Generally, every person who is responsible for deducting TDS has to obtain a TAN (tax deduction account number). However, in the case of TDS on immovable property, the buyer does not have to obtain the TAN. You need to provide details like name, address, PAN, mobile number, and email id of the seller as well as buyer, in Form 26QB. You also need to provide the complete address of the property, along with the date of the agreement, the total value of consideration, date of payment, etc.
The buyer should ensure that the PAN of the seller is correct. Otherwise, the seller will not be able to get the credit for tax deducted by the buyer, as the credit shall flow on the basis of PAN card details furnished in Form 26QB.
The TDS can be paid online or deposited offline, by tendering the physical challan to an authorized bank. The bank will then update the details on the income tax department’s website. Once the TDS has been deposited, the buyer has to download the TDS certificate in Form No 16B, from the website of the Income Tax Department and furnish it to the seller within 15 days.
Lower deduction or nil deduction of TDS
Some TDS provisions provide for the payee to either approach the income tax officer for the issue of a certificate, so that the payer shall deduct tax at a lower rate or nil rate, or in some cases, the payee can just furnish a declaration for nil TDS. However, there is no such provision for TDS on immovable property. The buyer has to mandatorily deduct tax at source, where the consideration exceeds Rs 50 lakhs, in respect of each set of buyer and seller.
What is the due date for depositing the TDS to the government?
After the buyer deducts the TDS (tax deducted at source), they must deposit it with the government by the 7th of the following month. This means that the TDS deducted in the month of March must be paid to the government by April 7.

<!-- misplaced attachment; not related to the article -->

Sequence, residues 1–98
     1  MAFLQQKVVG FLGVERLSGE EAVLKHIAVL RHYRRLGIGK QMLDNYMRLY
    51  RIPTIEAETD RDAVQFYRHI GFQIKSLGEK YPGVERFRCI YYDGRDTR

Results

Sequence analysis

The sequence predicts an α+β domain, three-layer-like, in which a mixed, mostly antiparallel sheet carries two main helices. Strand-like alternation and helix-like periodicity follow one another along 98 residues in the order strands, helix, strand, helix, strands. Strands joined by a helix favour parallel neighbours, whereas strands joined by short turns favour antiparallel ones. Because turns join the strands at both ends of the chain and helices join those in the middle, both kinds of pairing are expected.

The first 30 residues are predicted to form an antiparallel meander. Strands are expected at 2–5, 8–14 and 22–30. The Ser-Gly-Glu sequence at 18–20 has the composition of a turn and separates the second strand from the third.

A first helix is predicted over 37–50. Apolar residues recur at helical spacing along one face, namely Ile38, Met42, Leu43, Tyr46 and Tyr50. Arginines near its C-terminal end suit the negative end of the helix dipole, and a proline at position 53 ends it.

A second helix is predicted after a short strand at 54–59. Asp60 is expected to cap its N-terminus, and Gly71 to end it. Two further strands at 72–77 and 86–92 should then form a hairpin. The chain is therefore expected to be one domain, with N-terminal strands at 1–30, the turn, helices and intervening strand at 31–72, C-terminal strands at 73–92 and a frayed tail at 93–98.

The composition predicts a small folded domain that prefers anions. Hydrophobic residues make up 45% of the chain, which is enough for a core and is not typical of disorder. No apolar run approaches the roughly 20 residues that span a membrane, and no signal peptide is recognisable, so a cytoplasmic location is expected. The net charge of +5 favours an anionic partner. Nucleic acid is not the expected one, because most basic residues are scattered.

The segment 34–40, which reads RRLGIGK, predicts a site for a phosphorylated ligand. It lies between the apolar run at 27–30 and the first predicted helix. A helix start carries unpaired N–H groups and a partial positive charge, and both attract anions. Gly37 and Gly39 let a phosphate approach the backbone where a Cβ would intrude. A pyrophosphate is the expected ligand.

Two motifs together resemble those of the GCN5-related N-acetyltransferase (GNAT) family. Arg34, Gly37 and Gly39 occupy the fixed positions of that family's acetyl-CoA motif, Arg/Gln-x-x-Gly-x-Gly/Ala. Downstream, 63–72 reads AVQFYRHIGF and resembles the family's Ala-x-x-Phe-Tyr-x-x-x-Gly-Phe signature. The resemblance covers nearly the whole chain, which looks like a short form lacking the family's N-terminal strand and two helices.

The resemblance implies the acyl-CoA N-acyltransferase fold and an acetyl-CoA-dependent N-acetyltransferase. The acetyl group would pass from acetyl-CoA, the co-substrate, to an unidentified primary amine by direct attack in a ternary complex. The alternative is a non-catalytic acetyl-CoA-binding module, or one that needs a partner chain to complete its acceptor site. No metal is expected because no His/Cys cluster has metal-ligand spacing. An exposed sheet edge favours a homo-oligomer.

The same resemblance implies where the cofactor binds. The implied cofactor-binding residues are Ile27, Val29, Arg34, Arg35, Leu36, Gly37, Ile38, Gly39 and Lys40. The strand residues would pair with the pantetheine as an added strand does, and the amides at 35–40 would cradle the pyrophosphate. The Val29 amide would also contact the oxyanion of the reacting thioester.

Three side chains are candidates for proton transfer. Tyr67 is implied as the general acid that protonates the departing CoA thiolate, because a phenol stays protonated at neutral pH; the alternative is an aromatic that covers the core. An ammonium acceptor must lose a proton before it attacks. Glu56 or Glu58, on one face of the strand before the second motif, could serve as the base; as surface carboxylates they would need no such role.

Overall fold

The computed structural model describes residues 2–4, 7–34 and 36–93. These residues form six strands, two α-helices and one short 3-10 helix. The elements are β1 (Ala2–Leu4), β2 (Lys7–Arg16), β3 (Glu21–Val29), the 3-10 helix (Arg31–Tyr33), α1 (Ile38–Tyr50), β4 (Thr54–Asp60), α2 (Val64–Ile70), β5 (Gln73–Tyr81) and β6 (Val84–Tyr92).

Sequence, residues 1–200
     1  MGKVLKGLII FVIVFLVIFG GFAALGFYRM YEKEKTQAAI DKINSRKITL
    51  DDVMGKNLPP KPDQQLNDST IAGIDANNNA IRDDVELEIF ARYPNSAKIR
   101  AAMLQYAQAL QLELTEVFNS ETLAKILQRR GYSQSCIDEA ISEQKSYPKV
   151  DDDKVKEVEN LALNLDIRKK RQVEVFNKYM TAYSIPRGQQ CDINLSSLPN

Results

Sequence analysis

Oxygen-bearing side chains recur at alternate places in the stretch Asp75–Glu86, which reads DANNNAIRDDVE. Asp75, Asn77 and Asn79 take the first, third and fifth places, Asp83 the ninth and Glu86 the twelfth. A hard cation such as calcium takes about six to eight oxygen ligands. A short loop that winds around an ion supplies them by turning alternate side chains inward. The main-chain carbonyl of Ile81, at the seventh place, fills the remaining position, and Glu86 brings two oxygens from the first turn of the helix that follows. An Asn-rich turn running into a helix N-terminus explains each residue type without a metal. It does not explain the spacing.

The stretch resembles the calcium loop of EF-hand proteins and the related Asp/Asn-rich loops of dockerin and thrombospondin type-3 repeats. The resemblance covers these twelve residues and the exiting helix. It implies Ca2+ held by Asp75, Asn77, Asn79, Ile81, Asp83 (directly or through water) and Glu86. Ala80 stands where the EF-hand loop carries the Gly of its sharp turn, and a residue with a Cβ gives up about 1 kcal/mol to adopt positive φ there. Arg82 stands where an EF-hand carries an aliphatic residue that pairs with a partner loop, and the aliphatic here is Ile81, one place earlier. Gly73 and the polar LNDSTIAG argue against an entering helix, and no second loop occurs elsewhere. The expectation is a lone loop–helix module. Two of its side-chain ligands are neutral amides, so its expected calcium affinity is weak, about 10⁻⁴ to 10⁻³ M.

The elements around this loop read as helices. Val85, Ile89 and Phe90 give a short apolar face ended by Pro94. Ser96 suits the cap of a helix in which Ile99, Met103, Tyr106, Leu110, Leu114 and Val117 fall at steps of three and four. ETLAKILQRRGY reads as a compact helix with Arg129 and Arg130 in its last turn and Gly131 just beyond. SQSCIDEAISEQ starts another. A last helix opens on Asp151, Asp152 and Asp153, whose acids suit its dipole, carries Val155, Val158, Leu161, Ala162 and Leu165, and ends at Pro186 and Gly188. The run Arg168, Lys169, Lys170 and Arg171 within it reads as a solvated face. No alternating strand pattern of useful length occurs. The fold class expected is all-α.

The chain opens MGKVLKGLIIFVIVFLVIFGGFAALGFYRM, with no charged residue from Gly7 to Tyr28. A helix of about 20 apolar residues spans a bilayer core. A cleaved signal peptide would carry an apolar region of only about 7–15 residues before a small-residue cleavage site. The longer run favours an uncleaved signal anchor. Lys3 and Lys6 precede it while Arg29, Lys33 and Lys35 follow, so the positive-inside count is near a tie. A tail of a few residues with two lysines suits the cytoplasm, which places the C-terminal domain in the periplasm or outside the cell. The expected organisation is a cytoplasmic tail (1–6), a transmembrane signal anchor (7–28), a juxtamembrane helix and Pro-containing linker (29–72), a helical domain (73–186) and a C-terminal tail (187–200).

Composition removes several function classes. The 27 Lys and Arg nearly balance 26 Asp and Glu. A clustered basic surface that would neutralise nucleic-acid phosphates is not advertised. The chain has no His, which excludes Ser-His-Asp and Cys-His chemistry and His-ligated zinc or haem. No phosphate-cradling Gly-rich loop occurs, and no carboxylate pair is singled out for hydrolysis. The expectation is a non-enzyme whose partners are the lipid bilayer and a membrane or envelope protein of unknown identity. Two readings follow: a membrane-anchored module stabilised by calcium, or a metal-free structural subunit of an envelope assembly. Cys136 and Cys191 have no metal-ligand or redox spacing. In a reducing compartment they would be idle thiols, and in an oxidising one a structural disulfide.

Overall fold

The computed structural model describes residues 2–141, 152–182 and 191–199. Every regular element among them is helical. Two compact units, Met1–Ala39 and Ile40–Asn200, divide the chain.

Consequences of non-payment of TDS
Under the provisions of the law, the buyer is expected to deduct the applicable TDS from the transaction value and duly submit it to the government. Buyers can use their PAN details in the documents, as having a TAN is not mandatory in their case. Buyers who fail to pay the TDS to the government within the stipulated time period can be made to pay a penalty in the form of interest or sentenced to rigorous imprisonment of up to seven years. Do note here that even though the seller may be forced to make the payment, it is the buyer who would face the penalty.
TDS: Points for the buyer to remember
- Deduct 1% or 0.75% TDS from the sale consideration, depending upon the date of payment.
- Get the seller’s PAN and verify it with the original PAN card.
- Your PAN is also needed to pay TDS.
- Do not commit any error in quoting the PAN or other details in the online form as there is no online mechanism for rectification of errors.
- For the purpose of rectification, you are required to contact the Income Tax Department.
TDS: Points for the seller to remember
- Provide your PAN to the buyer.
- Verify deposit of taxes deducted by the buyer in your Form 26AS Annual Tax Statement.
Key things to remember about TDS
- Buyers have to deduct and pay TDS to the government on property valued over Rs 50 lakhs.
- The responsibility to deduct and submit the TDS lies on the buyers and not on the seller.
- In case of any misappropriation in this regard, the buyer will be answerable to the authorities. Buyers have to fill out Form 26QB, to credit the TDS.
- In case there are multiple buyers or sellers involved in the transaction, separate forms have to be filled out for each party.